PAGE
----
Reviving the Classics
A lot of indie RPG games are molded after old games like Chrono Trigger and the old Final Fantasy games. Where Earthlock immediately stands out from the crowd is that it’s inspired by later classics like Final Fantasy VII and VIII. Growing up with those games, I was intrigued by Earthlock, considering that the Nintendo Switch is starving for some quality JRPGs.
After spending time in the game’s world, story, characters, and mechanics, is it a proper revival of sixth-gen RPGs, or does it prove that some games should stay in the past?
It’s worth noting that Earthlock has had a rough development. When it debuted as Earthlock: Festival of Magic, it garnered such negative reviews that developer, Snowcastle Games, put the intended sequel on the backburner and invested all of their time into making Earthlock the best it could be. I’ve not played the original version, but it’s just a bit of history that made me respect the developers more.
Earthlock opens with a quick training exam as you control the daughter of the king of a powerful nation. After that scene, you get to know the protagonist, Amon, as he discovers an artifact with his dear uncle. It’s not long before other forces try to get their hands on the artifact that Amon’s uncle is captured and he must team up with an unlikely set of allies to save his uncle. Along the way, he quickly realizes that his quest is much bigger than him, and he will need the help of his new friends to help save the world of Umbra.
As far as a setup, Earthlock‘s story isn’t bad. It isn’t good either. Each development can be anticipated very early on, and I was never surprised by what it had to offer. It’s just an average story that isn’t the selling point of the game. The same can be said for the dialogue, which is very on the nose. It does interject some personality and humor, but those moments were few and far between.
Wait Your Turn
As an homage to sixth-gen RPGs, Earthlock is a game that demands to get its gameplay right. On a fundamental level, its turn-based system works. Characters are each given their own class with two different stances to choose from. It’s your job to figure out which abilities will get you ahead in each situation.
On top of that, you have to manage consumable ammo, special bond meters that allow you to execute devastating attacks, and points that prevent you from spamming your more powerful abilities. All in all, Earthlock does a good job of making you manage your party’s attacks and forcing you to think ahead on the best way to fight each battle.
If there’s one complaint I have, it’s in how the game handles weaknesses and strengths. There are elemental attributes, but there are also slashing and stabbing attacks. Figuring out what enemies are weak and strong against is a matter of trial and error, which can waste precious turns. I don’t want the game to force feed me a monster’s weakness, but I would like it to be obvious enough that I can at least guess what it might be. This can get extremely frustrating when fighting some of the game’s more difficult bosses.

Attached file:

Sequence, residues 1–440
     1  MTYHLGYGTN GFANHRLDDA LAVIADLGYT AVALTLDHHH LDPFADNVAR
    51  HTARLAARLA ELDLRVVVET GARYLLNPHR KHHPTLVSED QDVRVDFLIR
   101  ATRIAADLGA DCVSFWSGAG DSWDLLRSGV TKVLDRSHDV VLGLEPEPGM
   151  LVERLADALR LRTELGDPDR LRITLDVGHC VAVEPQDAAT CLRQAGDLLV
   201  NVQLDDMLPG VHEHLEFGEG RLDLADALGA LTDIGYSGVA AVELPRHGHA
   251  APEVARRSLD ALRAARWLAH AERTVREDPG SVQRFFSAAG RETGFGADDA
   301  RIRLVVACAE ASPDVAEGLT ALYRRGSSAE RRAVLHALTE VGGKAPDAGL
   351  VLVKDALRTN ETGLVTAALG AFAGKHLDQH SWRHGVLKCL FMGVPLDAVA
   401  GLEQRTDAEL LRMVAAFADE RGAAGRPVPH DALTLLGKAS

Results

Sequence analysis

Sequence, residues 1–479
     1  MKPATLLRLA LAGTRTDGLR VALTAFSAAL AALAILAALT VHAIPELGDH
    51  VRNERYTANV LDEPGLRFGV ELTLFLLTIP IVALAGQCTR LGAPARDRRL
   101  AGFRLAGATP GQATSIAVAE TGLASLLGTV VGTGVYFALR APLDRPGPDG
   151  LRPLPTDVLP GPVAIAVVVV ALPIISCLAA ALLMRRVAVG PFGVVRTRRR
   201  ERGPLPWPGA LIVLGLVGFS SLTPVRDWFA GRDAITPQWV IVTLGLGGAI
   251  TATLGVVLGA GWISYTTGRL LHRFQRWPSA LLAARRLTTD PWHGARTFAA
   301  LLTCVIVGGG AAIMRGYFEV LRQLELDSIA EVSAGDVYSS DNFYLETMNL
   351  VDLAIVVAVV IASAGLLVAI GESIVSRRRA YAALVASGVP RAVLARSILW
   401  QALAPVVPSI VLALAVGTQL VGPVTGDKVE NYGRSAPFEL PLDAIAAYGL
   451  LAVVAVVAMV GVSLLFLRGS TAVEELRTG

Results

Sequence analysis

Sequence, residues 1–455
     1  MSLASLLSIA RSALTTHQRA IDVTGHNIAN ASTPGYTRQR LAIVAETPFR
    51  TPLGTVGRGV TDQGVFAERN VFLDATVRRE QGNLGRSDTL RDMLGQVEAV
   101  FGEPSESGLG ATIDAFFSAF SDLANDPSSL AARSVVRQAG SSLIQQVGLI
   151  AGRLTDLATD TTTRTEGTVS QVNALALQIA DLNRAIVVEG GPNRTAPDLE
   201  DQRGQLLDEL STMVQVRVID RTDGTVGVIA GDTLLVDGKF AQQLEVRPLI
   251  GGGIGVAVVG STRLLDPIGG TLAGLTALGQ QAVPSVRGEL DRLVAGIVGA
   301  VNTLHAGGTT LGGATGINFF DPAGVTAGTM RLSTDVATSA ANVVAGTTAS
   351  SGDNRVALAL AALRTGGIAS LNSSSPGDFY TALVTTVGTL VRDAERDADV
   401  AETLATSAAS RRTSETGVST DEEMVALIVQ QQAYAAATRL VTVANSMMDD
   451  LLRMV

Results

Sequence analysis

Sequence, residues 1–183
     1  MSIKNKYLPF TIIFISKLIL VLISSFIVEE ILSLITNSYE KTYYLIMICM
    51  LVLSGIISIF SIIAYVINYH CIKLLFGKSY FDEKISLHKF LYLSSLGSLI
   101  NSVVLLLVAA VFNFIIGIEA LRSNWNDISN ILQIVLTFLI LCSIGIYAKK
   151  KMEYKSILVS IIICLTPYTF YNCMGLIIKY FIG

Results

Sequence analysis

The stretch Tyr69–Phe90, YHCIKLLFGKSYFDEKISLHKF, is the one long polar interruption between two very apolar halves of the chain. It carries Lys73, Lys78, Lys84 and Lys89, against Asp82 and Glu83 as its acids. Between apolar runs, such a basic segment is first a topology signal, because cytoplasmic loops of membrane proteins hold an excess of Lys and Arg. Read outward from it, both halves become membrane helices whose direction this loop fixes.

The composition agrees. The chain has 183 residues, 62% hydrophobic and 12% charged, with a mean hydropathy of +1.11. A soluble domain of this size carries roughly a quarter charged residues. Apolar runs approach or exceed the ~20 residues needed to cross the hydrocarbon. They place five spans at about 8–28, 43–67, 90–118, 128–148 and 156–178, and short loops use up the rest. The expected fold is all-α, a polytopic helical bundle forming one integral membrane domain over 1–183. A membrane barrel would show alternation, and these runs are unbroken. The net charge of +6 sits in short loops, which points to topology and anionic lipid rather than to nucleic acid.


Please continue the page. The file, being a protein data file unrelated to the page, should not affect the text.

On the subject of bosses, some of them are quite fun, but others are demanding to the point of being unfair. You could go from breezing through a dungeon before fighting a boss that can knock out your party members in one hit. The difficulty curve, in this sense, isn’t as refined as it should be for a game of this nature. As such, it’s important to ensure that you’re prepared for every fight.
After each battle, you’ll gain experience that will then award you with points you can spend on Talents. This is, in my opinion, where the game puts its best foot forward. Each character is placed on a long board with individual card spaces. Spend one point and one relevant item to unlock one of the card spaces to provide a stat boost, new perk, or ability to your character. The reason why this works so well is because the types of upgrades your character gets is entirely up to you. Even if you wanted to make the thief an expert at magic, you’d have the freedom to do that (though it’s not advised).
The World of Umbra
The characters of Earthlock are placed in the world known as Umbra. It’s a standard RPG locale for those of you that know what to expect. There’s the humble town where you begin your journey, the massive city that you must fight, and even a safe-haven where you can regroup and buy useful items.
On that note, I should address my biggest issue with Earthlock: the art design. The locations in Umbra and all of the characters look fine, and that’s it. Snowcastle could’ve taken the opportunity to go above and beyond, but most of the time, everything looks bland. The character designs are particularly forgettable, with only one or two actually looking appropriate for a magical JRPG. This doesn’t ruin the game for me, but it didn’t give me a good first impression when I played.
On the flipside, the audio design is strangely fantastic. The music is all well-composed (if a bit too inspired from Final Fantasy X at times) and fits each setting well. At the very least, Earthlock has a good soundtrack to bolster its lackluster graphical design.
Lastly, I should point out that Earthlock runs at a mostly solid 60 fps. There were moments where the game would briefly pause and I would have to wait for it to catch up a few seconds later.
System reviewed on: Nintendo Switch.
Disclaimer: A review code for Earthlock was provided by Snowcastle Games.